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BarcodeCode128 and Tilde Character

Recently we came across an issue with BarcodeCode128 barcodes – when using a tilde character (~) within a BarcodeCode128 barcode in AX the resulting barcode can be unreadable by scanners.

The reason for this is that Code128 has three different code sets associated with it – using an escape character in the barcode string to switch between these code sets. Different applications do this in different ways using different characters, in AX we use the tilde character to inform the program that we want to use another code set.

Once AX has picked up a tilde it expects to receive a specific value next in the barcode string: c, d, e, f, or g, these are the control characters which have the ASCII numerical value of 99-105 which will change the code set and create the first few bars of the barcode which tell the reader which code set is being used and continue on to create a new barcode.

If a different character is placed after the tilde (anything other than c, d, e, f, or g) then it never finds the desired code set, doesn’t create the first few lines of the barcode that tell the reader what it is supposed to be reading and leads to an unreadable barcode – it does not produce an error, it will simply create a corrupted barcode, which is why it is important to understand this process.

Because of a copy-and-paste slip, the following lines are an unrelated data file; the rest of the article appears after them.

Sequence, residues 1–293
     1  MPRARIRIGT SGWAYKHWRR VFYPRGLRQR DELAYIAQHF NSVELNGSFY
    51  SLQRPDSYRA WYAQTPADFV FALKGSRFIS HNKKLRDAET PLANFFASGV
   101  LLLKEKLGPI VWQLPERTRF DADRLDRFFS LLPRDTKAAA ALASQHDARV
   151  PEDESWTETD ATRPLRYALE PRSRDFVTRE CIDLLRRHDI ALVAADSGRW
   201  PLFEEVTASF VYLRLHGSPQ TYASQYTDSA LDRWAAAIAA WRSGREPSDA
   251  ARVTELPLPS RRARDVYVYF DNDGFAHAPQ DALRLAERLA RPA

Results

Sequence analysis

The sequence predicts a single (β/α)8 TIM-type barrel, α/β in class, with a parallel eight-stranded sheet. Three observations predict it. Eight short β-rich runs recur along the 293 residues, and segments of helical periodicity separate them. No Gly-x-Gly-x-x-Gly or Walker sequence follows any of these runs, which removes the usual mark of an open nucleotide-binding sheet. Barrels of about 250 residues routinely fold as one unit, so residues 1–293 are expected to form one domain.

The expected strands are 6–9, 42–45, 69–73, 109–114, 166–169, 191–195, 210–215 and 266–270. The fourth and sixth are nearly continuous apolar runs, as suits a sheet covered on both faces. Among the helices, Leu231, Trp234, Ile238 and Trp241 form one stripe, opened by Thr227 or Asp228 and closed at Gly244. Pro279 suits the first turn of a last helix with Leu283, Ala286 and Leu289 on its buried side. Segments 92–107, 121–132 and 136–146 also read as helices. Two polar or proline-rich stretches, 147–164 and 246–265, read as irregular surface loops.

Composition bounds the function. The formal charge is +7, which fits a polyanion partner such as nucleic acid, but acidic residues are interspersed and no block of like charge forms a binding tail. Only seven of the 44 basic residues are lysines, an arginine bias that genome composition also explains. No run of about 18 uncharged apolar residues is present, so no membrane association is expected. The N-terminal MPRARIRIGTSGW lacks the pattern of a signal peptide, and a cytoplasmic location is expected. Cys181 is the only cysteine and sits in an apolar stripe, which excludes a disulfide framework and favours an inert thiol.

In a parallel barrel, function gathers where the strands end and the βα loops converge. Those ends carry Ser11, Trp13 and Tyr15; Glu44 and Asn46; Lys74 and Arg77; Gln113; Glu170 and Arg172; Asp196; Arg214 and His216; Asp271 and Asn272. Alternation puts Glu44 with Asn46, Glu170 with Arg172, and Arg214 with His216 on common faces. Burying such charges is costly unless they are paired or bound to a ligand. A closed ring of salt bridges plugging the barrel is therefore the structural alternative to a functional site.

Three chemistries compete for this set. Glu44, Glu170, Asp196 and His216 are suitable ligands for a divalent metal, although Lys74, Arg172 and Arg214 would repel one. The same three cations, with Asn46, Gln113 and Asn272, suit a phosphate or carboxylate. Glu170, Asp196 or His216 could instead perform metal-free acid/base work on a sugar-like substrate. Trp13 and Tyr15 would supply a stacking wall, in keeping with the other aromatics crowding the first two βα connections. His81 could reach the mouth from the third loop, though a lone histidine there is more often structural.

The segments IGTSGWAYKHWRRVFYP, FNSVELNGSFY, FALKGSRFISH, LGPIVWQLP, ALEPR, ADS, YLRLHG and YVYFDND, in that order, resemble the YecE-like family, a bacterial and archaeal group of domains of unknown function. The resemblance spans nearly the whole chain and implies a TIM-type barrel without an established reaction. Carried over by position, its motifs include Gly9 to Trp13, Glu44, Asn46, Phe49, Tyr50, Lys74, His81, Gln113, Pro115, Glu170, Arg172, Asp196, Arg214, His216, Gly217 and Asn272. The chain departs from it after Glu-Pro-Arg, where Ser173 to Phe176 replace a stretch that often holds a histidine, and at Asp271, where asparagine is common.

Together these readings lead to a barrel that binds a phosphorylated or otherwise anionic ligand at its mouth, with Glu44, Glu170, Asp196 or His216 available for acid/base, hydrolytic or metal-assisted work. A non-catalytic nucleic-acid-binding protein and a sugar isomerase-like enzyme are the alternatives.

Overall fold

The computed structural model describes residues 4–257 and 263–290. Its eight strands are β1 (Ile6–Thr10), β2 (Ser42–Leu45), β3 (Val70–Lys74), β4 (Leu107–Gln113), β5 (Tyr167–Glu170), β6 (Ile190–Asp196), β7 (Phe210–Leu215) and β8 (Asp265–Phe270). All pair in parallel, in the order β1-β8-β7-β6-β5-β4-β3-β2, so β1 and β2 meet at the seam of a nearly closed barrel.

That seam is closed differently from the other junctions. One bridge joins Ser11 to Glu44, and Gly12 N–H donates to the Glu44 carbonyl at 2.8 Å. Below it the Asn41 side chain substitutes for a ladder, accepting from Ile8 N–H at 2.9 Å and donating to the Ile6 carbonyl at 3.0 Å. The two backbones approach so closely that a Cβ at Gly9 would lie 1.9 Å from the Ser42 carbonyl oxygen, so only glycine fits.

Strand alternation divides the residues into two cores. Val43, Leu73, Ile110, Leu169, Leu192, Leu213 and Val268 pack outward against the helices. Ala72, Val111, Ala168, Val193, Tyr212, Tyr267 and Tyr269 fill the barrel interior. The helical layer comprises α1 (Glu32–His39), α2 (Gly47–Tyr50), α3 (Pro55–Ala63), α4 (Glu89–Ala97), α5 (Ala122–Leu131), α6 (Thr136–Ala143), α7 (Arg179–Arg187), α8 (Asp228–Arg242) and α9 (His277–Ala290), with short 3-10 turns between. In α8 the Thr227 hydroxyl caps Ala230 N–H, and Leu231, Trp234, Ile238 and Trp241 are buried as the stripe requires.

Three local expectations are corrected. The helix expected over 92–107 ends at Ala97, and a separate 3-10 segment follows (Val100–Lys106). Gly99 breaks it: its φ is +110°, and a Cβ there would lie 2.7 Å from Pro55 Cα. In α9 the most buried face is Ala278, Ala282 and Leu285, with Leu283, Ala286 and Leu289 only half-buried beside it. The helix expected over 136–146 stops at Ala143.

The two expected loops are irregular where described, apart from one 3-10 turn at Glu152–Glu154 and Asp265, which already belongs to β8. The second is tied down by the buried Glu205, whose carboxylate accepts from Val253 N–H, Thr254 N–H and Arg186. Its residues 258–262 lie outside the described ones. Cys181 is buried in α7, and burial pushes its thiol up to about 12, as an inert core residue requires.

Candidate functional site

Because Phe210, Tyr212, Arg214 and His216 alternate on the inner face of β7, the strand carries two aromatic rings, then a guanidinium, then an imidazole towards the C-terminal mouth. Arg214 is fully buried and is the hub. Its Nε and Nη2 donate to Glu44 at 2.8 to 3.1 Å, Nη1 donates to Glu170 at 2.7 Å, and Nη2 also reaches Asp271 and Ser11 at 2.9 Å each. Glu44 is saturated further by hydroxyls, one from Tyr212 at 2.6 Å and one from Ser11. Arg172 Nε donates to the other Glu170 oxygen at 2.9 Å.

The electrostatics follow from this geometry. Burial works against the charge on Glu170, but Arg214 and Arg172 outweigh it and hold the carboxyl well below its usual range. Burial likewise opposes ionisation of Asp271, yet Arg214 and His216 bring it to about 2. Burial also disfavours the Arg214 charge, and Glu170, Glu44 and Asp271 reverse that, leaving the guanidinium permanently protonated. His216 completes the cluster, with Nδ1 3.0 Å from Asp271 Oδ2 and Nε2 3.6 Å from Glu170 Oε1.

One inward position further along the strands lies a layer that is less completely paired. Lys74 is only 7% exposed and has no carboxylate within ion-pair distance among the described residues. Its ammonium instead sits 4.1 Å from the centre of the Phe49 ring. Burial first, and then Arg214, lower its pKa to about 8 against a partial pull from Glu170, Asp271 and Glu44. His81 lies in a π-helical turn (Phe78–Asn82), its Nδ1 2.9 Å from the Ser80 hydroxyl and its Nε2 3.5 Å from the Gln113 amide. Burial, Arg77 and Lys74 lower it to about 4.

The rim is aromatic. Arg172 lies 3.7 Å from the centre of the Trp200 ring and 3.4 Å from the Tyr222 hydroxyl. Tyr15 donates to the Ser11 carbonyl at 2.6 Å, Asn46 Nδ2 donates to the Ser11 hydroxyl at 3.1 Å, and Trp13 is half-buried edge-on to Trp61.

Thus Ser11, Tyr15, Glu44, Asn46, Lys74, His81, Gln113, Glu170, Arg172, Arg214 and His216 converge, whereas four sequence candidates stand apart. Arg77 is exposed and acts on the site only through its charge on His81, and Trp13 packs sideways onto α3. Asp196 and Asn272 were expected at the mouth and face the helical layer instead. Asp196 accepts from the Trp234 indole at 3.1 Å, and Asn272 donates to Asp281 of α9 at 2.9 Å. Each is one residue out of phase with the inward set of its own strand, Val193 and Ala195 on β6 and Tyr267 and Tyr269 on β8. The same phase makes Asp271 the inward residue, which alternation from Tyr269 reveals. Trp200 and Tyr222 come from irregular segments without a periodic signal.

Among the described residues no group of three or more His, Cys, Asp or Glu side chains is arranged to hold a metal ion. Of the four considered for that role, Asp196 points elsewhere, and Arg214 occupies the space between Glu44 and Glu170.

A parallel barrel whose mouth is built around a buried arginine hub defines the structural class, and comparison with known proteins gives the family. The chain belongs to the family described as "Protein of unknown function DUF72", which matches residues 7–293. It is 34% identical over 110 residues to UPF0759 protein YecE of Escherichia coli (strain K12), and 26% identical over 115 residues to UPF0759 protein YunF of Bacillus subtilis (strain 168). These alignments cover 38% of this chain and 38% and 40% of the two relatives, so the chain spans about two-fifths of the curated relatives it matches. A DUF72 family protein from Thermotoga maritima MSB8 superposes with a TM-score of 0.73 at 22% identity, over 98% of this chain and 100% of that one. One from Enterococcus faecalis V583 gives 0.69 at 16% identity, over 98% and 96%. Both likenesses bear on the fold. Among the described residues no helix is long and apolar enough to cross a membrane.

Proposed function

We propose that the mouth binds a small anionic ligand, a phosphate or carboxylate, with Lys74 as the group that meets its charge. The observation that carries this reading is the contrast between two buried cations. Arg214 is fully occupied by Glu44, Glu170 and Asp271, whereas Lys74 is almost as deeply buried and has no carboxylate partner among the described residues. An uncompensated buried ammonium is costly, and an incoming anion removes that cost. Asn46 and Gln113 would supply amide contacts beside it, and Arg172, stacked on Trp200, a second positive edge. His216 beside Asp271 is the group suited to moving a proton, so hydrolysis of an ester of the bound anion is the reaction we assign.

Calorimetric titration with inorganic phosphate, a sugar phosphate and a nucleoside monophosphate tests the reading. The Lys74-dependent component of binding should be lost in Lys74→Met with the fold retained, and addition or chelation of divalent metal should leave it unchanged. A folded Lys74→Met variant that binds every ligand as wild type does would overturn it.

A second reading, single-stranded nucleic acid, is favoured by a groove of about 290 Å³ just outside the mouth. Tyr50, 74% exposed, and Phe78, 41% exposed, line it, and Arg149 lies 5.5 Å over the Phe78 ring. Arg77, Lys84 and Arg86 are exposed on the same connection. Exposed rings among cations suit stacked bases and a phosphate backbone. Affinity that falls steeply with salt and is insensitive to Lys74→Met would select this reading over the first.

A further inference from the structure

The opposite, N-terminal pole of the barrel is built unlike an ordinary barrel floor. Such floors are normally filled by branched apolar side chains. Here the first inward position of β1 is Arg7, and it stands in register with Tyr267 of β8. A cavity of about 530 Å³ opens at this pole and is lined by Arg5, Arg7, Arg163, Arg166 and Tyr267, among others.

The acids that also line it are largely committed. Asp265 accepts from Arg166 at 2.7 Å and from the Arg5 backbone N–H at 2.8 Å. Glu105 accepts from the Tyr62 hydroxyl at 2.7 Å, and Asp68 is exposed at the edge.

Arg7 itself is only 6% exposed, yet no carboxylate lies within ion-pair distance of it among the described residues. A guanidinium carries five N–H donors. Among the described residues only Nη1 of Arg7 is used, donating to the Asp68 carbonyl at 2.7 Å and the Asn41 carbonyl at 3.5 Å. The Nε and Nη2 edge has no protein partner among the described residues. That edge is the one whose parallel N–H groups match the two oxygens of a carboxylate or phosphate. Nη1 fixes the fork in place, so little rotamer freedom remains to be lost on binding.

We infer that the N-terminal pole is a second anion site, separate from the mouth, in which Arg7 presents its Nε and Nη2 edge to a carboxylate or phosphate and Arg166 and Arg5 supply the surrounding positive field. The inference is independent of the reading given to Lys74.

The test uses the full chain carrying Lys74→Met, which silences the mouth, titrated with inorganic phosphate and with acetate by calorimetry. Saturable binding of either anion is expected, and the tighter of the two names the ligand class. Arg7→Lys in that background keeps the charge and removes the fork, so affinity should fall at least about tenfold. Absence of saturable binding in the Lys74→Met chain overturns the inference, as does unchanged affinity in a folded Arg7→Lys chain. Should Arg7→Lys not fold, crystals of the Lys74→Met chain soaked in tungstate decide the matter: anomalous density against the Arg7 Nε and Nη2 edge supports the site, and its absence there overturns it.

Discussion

Here you can see the corrupted barcode, on the right hand side they are identical, however the beginning has been entirely left out in the ~A example:

With the barcode string “~A”:


With the barcode string “~gA”:


When entering the value ~gA (~ = escape character, g = control character instigating code set B) then barcode is readable and displays ‘A’ as with the second example above.
It is important to either keep tildes out of barcodes where possible or – if you must have tildes in your barcode strings then you would need to write a modification, bear in mind that any changes here may cause further problems in the future when using the BarcodeCode128 class for its original purpose. The specific place where this logic is used is: Classes\BarcodeCode128.encodeString()

Specifically the following line where the escChar parameter holds the value 126 (tilde):

if ((charVal == #escChar) && (char2num(textcvt, tichr+1) != 0))   // tilda character #126

–author: Nikita Hickson
–editor: Nikita Hickson
–date: 17/May/2011